Racing: King George procession for Azamour

Aga Khan's colt glides from last to first to dispel all stamina doubts and break a long-standing track record

But if some of the substance of Azamour's victory was predictable, the style of it was certainly an eye-stretcher. The four-year-old swept from last place to first without much apparent effort from himself, or Mick Kinane in the saddle, and his length-and-a-quarter margin at the line was scant measure of his superiority. The winner of a championship contest, even a 5-2 favourite, cannot often be called so far from the finish.

The pace was furious from the start, as Gamut and Mubtaker set off at a thundering gallop. The wily, experienced Kinane settled Azamour, trying the distance for the first time, at the back, a position he was perfectly happy to occupy until the 12 runners turned to face the long, demanding straight. Half a mile out Kinane eased his reins enough to begin to pick off his increasingly labouring rivals one by one. A classy bit of acceleration took Azamour to the front rank a quarter of a mile out; going to the final furlong Bago, last year's Arc winner, was the last to be disposed of, and finally Kinane asked a bit, and his mount stretched clear.

Bago paid for his efforts in trying to go with the John Oxx-trained crack by being run down close home by Norse Dancer, losing second spot by a short-head. Warrsan came in fourth, five lengths behind, followed by Ace and last year's winner, Doyen, with the others strung out more like finishers in the track's usual annual highlight, the Hennessy Gold Cup, than an élite Flat race.

Azamour's glittering performance in capturing the £408,030 prize was fine justification for the unusual step of his owner, the Aga Khan, in keeping a high-class colt in training at four.

"When they went off so fast in front, I knew they'd pay the penalty," said Kinane. "I didn't want to compete at that stage, didn't want to get into a scrap early on.

"The horse likes to get into a rhythm and I just let him pop where he was happy. There was no set plan beforehand, I just thought I'd make it up as I went along. But it helps when you have no doubts about your horse. When I did make my move he scythed through them and in the end I got there too soon. He is one hell of a horse, high-class over any trip."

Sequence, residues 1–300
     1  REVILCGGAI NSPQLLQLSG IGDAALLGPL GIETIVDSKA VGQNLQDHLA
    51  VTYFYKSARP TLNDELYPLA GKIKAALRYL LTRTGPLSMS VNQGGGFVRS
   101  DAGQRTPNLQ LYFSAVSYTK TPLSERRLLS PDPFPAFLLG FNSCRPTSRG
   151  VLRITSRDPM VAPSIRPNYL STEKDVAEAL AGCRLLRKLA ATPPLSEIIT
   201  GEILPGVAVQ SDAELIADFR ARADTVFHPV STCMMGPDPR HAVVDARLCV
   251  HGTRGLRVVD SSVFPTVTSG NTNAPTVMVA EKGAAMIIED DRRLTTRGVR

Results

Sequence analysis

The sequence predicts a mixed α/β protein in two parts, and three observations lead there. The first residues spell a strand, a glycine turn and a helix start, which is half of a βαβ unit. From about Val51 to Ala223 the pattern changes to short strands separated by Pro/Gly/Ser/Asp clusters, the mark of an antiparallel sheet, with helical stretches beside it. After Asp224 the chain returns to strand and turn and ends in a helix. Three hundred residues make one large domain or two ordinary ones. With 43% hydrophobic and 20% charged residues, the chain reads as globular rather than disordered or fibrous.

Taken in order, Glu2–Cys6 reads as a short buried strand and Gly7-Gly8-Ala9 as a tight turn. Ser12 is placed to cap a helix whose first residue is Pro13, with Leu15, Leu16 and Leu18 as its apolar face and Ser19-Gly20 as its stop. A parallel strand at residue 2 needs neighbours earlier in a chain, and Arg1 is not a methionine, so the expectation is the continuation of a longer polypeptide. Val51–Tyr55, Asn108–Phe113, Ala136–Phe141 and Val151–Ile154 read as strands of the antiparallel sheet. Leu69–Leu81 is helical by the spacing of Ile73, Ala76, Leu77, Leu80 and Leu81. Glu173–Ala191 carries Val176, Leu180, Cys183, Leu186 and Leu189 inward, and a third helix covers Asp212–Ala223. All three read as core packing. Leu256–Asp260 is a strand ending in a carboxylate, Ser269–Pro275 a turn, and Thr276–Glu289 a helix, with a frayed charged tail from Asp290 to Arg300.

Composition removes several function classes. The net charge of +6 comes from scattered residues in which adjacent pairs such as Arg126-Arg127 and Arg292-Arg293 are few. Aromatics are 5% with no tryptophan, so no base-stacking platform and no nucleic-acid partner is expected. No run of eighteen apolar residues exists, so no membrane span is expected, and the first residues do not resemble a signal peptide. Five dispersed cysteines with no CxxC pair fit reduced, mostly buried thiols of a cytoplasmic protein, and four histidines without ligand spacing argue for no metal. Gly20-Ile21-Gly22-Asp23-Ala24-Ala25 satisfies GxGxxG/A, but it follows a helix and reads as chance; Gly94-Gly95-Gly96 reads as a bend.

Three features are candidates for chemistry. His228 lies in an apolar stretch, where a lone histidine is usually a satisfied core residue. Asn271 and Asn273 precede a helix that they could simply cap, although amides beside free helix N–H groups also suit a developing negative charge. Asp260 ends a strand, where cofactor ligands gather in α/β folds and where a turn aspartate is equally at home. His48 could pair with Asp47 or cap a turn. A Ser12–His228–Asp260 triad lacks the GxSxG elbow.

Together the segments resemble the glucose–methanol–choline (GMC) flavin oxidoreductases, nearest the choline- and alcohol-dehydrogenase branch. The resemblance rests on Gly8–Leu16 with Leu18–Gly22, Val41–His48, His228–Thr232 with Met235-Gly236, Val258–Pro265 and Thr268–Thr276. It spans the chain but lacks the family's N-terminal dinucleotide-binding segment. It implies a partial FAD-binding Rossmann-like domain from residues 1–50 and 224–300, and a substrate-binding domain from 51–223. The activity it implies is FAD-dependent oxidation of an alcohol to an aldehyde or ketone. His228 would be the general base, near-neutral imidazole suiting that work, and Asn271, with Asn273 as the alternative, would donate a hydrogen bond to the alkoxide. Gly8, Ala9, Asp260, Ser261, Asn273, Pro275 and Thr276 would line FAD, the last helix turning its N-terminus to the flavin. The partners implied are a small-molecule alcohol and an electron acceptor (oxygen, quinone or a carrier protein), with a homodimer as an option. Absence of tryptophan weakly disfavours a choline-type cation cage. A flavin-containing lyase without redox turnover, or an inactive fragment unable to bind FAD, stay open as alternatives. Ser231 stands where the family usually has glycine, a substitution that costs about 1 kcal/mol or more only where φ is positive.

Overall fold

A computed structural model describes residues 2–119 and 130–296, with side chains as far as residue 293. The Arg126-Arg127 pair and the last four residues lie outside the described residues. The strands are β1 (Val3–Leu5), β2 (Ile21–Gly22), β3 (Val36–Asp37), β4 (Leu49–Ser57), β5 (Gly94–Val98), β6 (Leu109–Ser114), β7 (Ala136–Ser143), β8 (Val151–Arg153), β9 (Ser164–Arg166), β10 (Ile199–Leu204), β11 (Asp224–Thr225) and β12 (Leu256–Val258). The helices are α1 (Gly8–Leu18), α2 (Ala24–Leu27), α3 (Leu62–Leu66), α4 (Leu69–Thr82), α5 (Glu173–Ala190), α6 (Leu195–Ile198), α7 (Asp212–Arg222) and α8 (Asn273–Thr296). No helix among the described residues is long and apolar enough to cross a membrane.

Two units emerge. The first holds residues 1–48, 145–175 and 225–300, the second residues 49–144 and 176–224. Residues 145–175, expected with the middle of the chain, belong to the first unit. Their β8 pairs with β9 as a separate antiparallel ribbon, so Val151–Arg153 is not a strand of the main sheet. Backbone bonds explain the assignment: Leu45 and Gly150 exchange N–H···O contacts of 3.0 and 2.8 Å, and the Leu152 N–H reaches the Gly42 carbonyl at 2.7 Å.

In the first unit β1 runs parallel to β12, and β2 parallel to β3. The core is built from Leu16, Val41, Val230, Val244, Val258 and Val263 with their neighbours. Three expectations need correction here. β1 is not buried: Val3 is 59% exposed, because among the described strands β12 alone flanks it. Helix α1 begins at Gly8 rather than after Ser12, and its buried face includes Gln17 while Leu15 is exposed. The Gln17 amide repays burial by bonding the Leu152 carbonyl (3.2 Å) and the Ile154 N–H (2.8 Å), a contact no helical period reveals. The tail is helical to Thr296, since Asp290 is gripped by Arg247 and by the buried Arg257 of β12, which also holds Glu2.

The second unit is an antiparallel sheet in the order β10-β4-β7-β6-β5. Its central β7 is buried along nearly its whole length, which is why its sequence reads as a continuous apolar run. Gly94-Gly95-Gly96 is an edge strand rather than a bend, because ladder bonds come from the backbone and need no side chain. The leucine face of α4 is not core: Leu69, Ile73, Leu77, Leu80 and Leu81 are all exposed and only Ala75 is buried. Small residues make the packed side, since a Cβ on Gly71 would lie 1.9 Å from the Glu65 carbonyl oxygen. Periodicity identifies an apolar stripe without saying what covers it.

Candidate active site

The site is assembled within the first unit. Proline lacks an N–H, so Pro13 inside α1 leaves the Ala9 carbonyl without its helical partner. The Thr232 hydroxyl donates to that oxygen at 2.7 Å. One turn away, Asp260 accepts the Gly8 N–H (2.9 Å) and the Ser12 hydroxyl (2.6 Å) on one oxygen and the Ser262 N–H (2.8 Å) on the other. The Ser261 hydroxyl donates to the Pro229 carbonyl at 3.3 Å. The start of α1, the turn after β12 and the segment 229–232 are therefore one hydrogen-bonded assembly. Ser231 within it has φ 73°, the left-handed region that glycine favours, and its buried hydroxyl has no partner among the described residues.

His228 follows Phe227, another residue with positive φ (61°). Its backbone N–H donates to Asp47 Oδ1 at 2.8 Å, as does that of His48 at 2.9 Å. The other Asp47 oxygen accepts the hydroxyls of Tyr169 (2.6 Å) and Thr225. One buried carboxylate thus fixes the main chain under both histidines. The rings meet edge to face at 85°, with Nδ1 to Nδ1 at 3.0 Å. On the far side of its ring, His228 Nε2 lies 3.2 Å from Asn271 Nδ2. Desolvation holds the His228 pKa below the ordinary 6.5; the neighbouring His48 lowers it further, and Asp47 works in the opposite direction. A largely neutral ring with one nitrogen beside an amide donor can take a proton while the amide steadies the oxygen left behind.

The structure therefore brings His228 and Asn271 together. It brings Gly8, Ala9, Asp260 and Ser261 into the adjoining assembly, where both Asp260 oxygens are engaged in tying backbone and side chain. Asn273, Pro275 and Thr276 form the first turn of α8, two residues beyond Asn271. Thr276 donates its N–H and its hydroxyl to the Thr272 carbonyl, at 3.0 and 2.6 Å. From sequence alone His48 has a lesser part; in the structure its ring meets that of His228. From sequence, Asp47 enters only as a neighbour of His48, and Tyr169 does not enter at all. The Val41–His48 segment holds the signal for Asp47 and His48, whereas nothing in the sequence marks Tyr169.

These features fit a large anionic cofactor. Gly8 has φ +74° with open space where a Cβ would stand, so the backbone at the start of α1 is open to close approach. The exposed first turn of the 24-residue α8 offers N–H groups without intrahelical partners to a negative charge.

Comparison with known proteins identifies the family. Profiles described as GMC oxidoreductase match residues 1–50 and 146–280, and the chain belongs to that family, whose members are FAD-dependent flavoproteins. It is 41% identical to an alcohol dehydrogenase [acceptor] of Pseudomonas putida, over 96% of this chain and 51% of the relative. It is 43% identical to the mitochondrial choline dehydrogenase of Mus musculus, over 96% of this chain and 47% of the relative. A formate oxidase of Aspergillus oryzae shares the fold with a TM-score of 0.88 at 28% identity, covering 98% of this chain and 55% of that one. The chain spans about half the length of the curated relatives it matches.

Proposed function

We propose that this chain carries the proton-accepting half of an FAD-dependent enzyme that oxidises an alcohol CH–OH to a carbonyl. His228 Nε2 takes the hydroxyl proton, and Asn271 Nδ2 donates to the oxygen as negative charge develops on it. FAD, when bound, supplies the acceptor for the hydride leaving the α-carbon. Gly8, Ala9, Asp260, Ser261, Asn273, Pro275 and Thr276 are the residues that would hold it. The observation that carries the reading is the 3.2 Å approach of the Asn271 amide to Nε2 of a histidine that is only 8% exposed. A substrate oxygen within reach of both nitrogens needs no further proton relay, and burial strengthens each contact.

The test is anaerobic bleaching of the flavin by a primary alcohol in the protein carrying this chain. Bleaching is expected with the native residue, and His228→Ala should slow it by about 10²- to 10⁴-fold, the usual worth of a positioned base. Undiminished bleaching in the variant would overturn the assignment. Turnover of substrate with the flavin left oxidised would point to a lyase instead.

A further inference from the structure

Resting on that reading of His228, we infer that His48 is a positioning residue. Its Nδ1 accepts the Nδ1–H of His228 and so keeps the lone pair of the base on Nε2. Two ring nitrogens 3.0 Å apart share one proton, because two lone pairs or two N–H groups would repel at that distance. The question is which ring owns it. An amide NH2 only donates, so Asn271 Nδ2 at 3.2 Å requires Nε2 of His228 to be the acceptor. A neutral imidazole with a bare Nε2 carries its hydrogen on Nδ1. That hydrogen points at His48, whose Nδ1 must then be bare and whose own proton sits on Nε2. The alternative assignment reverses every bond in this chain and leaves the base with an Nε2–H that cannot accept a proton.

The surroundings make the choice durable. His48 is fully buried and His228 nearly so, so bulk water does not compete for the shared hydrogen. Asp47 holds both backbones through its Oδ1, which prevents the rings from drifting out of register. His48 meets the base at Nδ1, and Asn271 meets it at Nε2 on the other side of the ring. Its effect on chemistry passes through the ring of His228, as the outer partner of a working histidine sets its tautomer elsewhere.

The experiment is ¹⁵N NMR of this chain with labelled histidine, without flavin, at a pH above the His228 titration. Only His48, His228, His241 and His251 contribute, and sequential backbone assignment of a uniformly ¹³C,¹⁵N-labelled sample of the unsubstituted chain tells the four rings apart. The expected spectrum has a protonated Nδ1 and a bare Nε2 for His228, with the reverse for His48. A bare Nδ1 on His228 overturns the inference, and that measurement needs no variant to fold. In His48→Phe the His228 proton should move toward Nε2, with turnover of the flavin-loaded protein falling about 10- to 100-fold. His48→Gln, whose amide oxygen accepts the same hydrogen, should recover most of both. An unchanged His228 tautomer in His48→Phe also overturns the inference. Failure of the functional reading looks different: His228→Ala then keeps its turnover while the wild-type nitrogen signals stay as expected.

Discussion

It was a second King George success for Oxx, after Alamshar, also for the Aga Khan, two years ago, and a fifth for the 46-year-old Kinane, but for his third different set of connections. He rode Belmez and King's Theatre to victory for Sheikh Mohammed, and Montjeu and Galileo for the Coolmore axis.

Azamour, a son of Night Shift, was previously a top-level winner over a mile, in the St James's Palace Stakes, and twice over 10 furlongs, in last year's Irish Champion Stakes and the Prince of Wales's Stakes at Royal Ascot at York. A repeat at Leopardstown in September is the next date on his dance card, with the Arc, ground permitting, and Breeders' Cup Turf pencilled in thereafter.

Oxx was as cool as Kinane yesterday. "You don't like to hear the commentator say, 'He's going to have to pass them all to win'," he said, "but Mick knows his strengths and I was never really worried.

"When he did make his move he cut through them like a hot knife through butter, in a different league. He was always going to get there once he started his run, but he pricks his ears and dosses in front, and will never win by very much.

"It takes a special horse to win at this level at a mile, 10 furlongs and a mile and a half, and he's proved that he is a special horse."

Azamour has been installed as second or third favourite behind Hurricane Run for the Prix de l'Arc de Triomphe, for which the Aga Khan also has the impressive, French-trained, Irish Oaks heroine Shawanda as a live contender. "He can handle slower ground better now he is older and stronger," added Oxx, "but he would not want it bottomless in Paris."

Of yesterday's other contenders, the seventh-placed Grey Swallow found the ground too fast, and Eswarah, eighth, was thoroughly upset beforehand by a thoughtless burst of applause as the Queen entered the parade ring. The supplemented Policy Maker finished last, with his owner, Alec Wildenstein, commenting, oddly: "The race was run at a snail's pace and it didn't suit him."

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